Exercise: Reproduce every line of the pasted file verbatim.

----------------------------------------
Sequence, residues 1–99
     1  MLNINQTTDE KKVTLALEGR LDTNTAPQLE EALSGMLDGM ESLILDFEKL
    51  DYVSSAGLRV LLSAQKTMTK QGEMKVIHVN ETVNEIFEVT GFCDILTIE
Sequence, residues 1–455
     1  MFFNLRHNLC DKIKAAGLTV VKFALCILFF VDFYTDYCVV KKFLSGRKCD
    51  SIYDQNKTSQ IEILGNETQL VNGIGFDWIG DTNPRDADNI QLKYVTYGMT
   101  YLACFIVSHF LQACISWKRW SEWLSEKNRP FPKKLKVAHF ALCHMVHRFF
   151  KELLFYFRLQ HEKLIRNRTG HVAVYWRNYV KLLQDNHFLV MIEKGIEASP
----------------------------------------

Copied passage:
Sequence, residues 1–99
     1  MLNINQTTDE KKVTLALEGR LDTNTAPQLE EALSGMLDGM ESLILDFEKL
    51  DYVSSAGLRV LLSAQKTMTK QGEMKVIHVN ETVNEIFEVT GFCDILTIE
Sequence, residues 1–455
     1  MFFNLRHNLC DKIKAAGLTV VKFALCILFF VDFYTDYCVV KKFLSGRKCD
    51  SIYDQNKTSQ IEILGNETQL VNGIGFDWIG DTNPRDADNI QLKYVTYGMT
   101  YLACFIVSHF LQACISWKRW SEWLSEKNRP FPKKLKVAHF ALCHMVHRFF
   151  KELLFYFRLQ HEKLIRNRTG HVAVYWRNYV KLLQDNHFLV MIEKGIEASP